The response from the Left in the U.S. and Western Europe to the rise of these conservative critiques has been a steady retreat into neoliberalism. Fiscal policy too clumsy; monetary policy can do it all (and make millionaires into billionaires, which is surely pareto-improving, no?). The regulatory state too “burdensome” for the Right and too “captured” for the Left? Deregulate! What could go wrong?

So, now, here we are, in the wreckage of the post-GFC economy, wrought by neoliberal policy. Wondering about the academic “ethics” of Rogoff and Reinhart. Those two know who holds the butter knife, and they are getting their bread buttered. Anyone, who thinks any slander or libel of their methods or motives, however well-justified, is going to touch them, has no theory of economics or politics.

The idiocy, here, is on the Left, or on that part of the Left, which still insists that “austerity” is a “bad idea”, a mistake (as if R & R did not know how to code a spreadsheet), and the struggle of politics over policy is a war of ideas, about what policy “idea” would best further the common good.

The parlous state of the post-Democratic centre-left of liberals and erstwhile social democrats is the end result of 50 years of losing battles in this war of ideas, because they could not face the reality of the Right’s narrow ambition, to promote the good of the few and the rich and the already powerful at the expense of the many. Behind the front of this war of ideas, behind the pretense of a debate over means to pursue the common good, is the reality of a rising and selfish class, determined to make the world safe for domination. To rule and ruin, as complementary strategic objectives.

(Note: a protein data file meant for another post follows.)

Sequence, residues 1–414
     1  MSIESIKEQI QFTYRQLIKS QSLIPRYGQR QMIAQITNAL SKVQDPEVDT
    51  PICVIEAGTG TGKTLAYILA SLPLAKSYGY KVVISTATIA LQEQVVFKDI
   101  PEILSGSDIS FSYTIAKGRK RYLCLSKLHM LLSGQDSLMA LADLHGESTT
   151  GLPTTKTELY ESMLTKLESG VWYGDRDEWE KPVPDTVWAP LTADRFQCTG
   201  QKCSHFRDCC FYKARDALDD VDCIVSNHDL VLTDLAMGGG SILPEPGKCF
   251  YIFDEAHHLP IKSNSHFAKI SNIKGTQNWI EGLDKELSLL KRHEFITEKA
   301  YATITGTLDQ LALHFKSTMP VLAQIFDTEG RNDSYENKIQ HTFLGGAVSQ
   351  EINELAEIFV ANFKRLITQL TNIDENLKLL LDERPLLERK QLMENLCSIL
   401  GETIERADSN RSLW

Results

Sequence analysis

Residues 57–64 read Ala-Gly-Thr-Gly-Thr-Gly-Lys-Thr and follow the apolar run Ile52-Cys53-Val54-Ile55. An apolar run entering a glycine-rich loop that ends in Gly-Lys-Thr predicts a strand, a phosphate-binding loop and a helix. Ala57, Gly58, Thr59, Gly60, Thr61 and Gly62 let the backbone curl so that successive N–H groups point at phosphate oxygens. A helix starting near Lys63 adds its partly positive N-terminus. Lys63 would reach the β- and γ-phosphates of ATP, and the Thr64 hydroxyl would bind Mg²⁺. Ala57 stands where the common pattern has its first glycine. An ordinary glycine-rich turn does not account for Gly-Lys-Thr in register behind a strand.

If the centre-Left, the moderates of good will, have few ideas and fewer options in our Post-Democracy, it is because they cannot seem to face the reality of a politics of class war, of a reality, where the typical business leader is a vicious, selfish, out-of-control thug, and the purpose of winning elections is to get control of the state, so you or he can use the power of the state.

There is much hand-wringing among the chattering classes on the Left about the “problem” of Inequality, as if the unequalness of income distribution is the problem, and not that so much of the economy is founded on active and aggressive parasitism and predation.

The problems of climate change, overpopulation, and peak oil loom over everything, and the Left thinks the Right is in denial. Oh, yes, the Left pridefully declares its own consciousness superior, but argues pointlessly with climate change deniers and propagandists for fracking as salvation. As if Mr. Halliburton, Dick Cheney, might have been in denial or misinformed about the implications of Peak Oil, fifteen years ago. The Titanic has hit the iceberg, and those in first class have broken into the safe and are loading the gold and jewels into their lifeboats, while the liberals and social democrats debate whether there’s any acceptable policy options for passing scraps of day-old bread to those trapped in steerage and about to drown.

Until those on the centre-Left can accept the premise that their opponents on the Right do not share an interest in the common good, there will never be any clarity in our political struggles or debates.

(And, yes I know this isn’t the Post-Democracy thread, but these ideas came together for me, here, prompted by lupita’s insight.)